“This project took the first step toward understanding why a vortex is so much more stable than other fluid flows,” Bedrossian said. “It’s a very complicated answer, but our work was the first mathematical work that showed one aspect, the stretching of momentum, contributing to this stability.”
The quest to understand a coherent structure, such as a vortex, in fluid mechanics was one that most mathematicians had long abandoned as too hard to solve. But since Bedrossian’s groundbreaking work, others have been chipping away at the edges of what was once thought impossible. And Bedrossian continues his quest to make inroads into solving impossible problems with the same determination and his unique, physics-based viewpoint.
“After studying fluid mechanics for a couple years, I knew that the stability part was just one side of the coin that needed to be addressed,” he said. “There was very little mathematical work done on the other side, the turbulence side. And yet the engineers consider it the most important aspect of fluid mechanics, broadly speaking.”
What’s more, several of the classical predictions of turbulence made by physicists decades ago have been shown through modern experiments to be not fully correct. To tackle the turbulence side of the coin, Bedrossian sought out colleagues with complementary expertise who could help him develop mathematical equations for verifying or improving the laws of turbulence that physicists started in the 1940s and ’50s.
“These are physical theories that may be phrased in mathematical equations, but they’re not based on rigorous mathematical theory,” he said.
He found the expertise he was looking for a few doors down from his office in William E. Kirwan Hall. In 2017, Bedrossian teamed up with Mathematics Postdoctoral Associate Sam Punshon-Smith, who studies stochastics and probability, and Mathematics Postdoctoral Associate Alex Blumenthal, who studies dynamical systems. Within the first year of their collaboration, they succeeded in understanding the chaotic dynamics of particle motion in certain, relatively simple situations in fluid dynamics. They published two papers on their work verifying laws of passive scalar turbulence, and they have two more papers nearing completion. Although those laws are not controversial, this work lays the foundation for bigger things.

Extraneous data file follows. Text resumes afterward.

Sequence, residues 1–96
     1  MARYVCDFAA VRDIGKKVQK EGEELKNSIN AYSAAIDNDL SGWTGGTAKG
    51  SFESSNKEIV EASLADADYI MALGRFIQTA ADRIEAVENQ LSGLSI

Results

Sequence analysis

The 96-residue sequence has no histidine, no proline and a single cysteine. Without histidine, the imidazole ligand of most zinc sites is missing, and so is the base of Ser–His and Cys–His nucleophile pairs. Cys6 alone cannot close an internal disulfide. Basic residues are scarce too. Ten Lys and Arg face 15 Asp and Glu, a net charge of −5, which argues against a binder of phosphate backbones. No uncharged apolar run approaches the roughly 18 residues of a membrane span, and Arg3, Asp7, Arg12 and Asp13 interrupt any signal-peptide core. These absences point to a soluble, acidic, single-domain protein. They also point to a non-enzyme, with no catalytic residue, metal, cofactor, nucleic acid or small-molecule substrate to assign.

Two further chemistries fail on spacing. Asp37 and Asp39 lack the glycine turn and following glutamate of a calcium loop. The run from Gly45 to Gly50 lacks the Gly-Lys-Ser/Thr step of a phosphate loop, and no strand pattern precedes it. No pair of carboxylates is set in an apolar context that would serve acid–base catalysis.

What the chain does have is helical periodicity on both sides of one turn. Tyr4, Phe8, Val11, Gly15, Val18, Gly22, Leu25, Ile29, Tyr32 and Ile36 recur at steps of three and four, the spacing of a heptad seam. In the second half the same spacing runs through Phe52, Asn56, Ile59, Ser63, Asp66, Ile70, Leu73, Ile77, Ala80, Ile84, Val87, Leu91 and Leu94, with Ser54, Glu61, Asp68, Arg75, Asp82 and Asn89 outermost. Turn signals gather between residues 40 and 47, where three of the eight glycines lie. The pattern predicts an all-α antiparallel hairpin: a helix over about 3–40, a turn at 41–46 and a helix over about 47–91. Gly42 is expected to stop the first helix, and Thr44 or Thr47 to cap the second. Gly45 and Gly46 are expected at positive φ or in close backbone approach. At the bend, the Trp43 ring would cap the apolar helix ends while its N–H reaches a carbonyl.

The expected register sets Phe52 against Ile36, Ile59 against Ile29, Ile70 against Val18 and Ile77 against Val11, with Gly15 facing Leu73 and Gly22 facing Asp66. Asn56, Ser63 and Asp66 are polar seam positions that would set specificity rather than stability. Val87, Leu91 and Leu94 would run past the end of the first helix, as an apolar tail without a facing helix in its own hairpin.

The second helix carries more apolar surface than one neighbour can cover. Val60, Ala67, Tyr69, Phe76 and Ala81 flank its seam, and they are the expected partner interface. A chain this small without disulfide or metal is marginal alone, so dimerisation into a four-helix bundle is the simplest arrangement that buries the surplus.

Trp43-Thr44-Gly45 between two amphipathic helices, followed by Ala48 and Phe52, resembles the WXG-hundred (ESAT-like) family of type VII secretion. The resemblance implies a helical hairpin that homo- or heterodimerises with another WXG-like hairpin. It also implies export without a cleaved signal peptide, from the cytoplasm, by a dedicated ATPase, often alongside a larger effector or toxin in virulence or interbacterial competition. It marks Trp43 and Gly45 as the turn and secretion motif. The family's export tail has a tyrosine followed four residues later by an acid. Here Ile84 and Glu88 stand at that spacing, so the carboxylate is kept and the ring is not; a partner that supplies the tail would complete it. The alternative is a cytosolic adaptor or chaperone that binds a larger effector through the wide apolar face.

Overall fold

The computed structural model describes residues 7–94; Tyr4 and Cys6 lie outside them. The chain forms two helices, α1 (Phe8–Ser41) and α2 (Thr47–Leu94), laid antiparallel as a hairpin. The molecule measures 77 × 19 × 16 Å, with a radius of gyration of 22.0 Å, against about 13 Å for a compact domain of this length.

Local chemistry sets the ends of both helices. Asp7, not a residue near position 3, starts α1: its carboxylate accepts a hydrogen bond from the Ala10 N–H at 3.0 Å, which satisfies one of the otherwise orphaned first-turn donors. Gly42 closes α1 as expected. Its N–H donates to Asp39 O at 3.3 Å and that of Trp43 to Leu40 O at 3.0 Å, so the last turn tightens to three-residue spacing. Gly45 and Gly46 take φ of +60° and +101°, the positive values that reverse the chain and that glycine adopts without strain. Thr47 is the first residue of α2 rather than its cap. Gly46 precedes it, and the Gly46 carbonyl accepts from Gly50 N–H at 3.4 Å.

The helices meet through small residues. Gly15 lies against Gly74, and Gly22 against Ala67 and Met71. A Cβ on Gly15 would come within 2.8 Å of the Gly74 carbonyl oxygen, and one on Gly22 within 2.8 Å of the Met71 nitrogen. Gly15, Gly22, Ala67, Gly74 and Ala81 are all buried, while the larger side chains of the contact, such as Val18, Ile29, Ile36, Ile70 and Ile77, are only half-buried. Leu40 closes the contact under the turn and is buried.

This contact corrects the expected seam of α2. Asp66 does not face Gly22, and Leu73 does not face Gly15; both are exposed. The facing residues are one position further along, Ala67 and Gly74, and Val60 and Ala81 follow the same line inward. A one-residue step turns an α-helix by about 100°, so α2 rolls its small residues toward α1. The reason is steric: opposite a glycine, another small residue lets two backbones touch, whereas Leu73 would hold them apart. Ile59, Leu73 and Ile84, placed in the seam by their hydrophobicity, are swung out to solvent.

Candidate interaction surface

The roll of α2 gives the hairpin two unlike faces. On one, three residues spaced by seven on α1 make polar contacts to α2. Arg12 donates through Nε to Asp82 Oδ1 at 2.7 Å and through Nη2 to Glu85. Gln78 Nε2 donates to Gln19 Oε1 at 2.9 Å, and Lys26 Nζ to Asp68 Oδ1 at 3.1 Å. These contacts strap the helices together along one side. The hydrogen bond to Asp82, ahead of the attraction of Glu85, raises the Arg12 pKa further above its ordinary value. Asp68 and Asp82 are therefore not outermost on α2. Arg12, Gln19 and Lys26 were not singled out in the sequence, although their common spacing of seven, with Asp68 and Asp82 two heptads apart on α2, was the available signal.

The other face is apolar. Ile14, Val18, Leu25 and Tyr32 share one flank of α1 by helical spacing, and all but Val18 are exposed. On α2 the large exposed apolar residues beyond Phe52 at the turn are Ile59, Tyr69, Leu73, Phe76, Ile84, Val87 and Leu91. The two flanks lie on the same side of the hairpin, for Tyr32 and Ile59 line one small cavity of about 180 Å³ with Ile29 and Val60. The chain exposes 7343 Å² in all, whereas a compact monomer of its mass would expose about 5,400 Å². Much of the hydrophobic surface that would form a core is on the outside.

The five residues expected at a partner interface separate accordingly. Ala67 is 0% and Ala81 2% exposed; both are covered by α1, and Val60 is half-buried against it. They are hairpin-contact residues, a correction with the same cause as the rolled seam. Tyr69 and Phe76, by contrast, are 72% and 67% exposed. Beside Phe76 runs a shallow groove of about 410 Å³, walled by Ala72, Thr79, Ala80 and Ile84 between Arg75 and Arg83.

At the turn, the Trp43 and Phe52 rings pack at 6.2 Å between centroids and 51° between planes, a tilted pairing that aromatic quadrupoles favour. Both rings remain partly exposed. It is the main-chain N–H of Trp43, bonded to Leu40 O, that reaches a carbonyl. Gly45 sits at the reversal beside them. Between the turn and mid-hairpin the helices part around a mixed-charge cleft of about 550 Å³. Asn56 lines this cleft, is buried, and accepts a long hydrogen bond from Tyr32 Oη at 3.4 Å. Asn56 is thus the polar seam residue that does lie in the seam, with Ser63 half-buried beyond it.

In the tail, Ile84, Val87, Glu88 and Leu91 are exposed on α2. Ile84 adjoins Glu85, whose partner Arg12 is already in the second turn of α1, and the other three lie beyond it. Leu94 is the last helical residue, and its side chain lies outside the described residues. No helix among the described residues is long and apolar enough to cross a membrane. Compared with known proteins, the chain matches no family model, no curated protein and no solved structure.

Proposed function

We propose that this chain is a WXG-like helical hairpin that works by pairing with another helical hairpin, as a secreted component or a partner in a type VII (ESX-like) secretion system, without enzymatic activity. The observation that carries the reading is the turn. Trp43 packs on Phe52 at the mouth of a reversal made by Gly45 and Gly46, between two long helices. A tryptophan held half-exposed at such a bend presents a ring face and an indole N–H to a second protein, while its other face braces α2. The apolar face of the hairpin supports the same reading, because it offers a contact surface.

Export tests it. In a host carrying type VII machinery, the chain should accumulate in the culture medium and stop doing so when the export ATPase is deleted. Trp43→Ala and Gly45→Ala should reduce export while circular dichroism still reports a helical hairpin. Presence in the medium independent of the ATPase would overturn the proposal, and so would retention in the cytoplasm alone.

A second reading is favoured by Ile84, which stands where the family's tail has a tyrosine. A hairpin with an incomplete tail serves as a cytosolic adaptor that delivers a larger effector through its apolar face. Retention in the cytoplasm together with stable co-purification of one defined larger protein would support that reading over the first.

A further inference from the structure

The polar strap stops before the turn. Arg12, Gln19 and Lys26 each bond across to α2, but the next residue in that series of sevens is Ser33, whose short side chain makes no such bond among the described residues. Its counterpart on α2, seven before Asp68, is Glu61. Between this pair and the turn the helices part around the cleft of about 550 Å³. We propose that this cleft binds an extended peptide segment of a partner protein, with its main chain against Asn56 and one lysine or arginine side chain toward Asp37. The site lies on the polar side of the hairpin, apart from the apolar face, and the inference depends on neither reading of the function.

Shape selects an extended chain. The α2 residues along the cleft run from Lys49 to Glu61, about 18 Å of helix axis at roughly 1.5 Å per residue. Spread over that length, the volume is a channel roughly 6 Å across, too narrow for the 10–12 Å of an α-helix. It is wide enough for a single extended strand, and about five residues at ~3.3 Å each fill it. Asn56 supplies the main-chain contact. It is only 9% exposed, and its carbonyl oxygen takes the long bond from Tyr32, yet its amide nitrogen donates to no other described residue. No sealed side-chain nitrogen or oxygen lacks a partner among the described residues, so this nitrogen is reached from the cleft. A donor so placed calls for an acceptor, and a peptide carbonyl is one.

“This work is a big proof of concept for approaching other turbulence theories,” he said. “It gives a springboard and tells us how we should think about more complicated turbulence problems.”
Bedrossian’s multidisciplinary approach and “whatever it takes” attitude present both opportunities and challenges for the students and early-career mathematicians he takes under his wing. Currently, that includes two postdoctoral fellows and two graduate students.
“Our work is fairly multidisciplinary, so my group needs to understand a little bit about several branches of mathematics,” he said. “We want to make mathematical theories that we can directly compare against a physicist’s experiments. That can be challenging because a lot of the questions are not already expressed as mathematical statements. To figure out what is correct from a physics prediction and then create a proof that shows it, we have to explore a lot of physics literature.”
That explains the stack of physics books on his desk. It is not completely surprising that Bedrossian once wanted to be a physicist. He began college at Case Western Reserve University as a physics major who had never been fond of math. But he quickly learned how inextricable math was from the sciences he loved.
“My first mathematics course on differential equations really changed the way I view physics and mathematics,” he said. “I was fascinated by the way relatively simple laws could lead to very subtle, complicated phenomena, and even though we understood the laws, we couldn’t understand the phenomena they predicted.”
Clearly, that fascination stuck with him, because he built his career on trying to better understand those phenomena in mathematical terms.
This story originally appeared on the UMD Center for Scientific Computation and Mathematical Modeling website:
Written by Kimbra Cutlip
Photo Credit: Alan T. Santos